Today, Friday, marks the one-year anniversary of the brutal murder of Labour MP Helen ‘Jo’ Cox.
Mrs Cox, who entered Parliament in 2015, was stabbed and shot in her home town of Birstall by local man Thomas Mair, who was later found to have an interest in neo-Nazi groups.
More than 100,000 events are to be held around the country to remember the life of Ms. Cox, who was just 41-years-old when she died, leaving behind a husband and two children.
The Great Get Together, as it has been named, will see a series of picnics, street parties, and concerts run across the weekend.
Kim Leadbeater, Ms. Cox’s sister, said the events had nothing to do with religion or politics.
“Nothing to do with anything other than getting together with people in your communities,” she told the BBC. “People are desperate for it – people want something that is about coming together and being positive.”
“I think the thing, as a family, is every day is difficult”, she added. “So it’s not as if today is actually very different for us in lots of ways.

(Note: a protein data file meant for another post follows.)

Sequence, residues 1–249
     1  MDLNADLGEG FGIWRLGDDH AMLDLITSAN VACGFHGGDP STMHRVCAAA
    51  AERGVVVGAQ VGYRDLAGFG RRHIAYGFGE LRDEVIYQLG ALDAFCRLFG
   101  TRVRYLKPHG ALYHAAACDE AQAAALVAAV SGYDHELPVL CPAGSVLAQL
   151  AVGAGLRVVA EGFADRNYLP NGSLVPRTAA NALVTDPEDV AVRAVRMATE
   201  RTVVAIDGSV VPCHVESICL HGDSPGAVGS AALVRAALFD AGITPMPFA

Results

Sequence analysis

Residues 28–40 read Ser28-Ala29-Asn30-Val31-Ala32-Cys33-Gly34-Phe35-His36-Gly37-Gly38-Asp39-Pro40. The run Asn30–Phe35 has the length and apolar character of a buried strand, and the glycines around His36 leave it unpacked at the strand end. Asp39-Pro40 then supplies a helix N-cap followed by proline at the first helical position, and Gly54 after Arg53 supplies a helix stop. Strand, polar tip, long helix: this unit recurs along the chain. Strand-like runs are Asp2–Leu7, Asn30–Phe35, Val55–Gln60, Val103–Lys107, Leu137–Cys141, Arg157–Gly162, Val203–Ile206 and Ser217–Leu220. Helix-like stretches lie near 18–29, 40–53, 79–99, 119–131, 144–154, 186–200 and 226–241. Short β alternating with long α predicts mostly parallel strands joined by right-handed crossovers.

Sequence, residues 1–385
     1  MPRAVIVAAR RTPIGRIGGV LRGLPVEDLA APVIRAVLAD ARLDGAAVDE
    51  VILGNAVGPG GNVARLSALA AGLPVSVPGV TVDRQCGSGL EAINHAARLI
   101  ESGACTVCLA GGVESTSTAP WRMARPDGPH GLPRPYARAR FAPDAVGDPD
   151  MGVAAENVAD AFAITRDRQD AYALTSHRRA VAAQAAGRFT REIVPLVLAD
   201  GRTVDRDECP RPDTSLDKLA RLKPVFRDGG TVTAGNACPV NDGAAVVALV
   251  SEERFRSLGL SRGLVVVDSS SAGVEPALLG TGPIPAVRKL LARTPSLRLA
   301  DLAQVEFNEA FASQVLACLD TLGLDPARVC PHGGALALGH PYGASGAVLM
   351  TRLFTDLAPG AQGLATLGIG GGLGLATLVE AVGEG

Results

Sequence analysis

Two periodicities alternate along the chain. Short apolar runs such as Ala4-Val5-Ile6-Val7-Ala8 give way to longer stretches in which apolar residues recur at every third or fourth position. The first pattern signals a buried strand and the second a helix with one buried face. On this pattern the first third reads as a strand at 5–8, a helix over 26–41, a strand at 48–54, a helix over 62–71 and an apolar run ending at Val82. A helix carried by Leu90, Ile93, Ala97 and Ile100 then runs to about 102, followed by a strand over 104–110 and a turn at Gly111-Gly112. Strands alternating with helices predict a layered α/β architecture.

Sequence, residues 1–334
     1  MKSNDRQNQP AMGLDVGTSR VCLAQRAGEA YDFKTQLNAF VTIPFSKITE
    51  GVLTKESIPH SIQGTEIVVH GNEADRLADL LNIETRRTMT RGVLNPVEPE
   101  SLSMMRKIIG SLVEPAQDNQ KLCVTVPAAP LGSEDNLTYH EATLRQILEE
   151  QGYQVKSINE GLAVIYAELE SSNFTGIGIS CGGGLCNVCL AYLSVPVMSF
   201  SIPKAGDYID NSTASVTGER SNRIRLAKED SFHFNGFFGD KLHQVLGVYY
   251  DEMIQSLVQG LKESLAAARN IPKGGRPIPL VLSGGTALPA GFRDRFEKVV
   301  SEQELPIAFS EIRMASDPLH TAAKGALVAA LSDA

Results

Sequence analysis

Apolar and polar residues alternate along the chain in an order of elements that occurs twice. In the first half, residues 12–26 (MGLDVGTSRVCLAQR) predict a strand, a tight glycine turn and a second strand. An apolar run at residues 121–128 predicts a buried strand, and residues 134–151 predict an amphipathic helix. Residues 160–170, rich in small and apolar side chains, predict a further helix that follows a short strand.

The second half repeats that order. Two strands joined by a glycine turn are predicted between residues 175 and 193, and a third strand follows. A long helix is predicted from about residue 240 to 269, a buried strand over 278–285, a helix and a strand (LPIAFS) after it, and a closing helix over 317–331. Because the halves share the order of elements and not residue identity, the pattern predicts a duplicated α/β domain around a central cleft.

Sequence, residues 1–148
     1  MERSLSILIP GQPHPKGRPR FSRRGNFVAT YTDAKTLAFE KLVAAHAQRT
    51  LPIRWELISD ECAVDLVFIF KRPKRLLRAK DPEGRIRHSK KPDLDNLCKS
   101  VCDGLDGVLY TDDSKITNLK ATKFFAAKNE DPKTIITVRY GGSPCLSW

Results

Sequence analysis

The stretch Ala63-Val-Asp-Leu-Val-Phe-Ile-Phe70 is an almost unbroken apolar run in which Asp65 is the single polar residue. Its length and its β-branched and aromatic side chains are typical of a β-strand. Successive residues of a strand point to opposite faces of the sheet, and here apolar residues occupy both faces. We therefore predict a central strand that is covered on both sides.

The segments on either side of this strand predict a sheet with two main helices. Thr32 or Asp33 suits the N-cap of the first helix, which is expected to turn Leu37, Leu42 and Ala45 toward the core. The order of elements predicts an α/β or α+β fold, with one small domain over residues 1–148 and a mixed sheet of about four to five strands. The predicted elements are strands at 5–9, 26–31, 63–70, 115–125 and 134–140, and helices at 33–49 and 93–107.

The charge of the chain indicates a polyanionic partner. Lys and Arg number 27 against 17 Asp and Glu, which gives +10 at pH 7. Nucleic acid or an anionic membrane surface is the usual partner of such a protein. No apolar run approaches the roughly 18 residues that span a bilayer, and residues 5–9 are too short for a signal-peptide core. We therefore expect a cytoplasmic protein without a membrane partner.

“But I think what I chose to do is to come into the community and be around the people who loved Jo and who Jo loved and in the place that we were born and brought up.”
With the event intended to bring people together, Ms. Cox’s widower, Brendan Cox, said there could be “no more fitting tribute” to his wife.
Speaking of his of the grief and morning his family has faced over the past twelve months, he told The Telegraph: “When Jo was killed a year ago it took the heart out of our family.
“The first emotion was shock, both numbing and shattering. That in time gave way to a grief that remains very fresh, very raw and continues to hit us in vicious waves when we least expect it. But our family has not been broken.”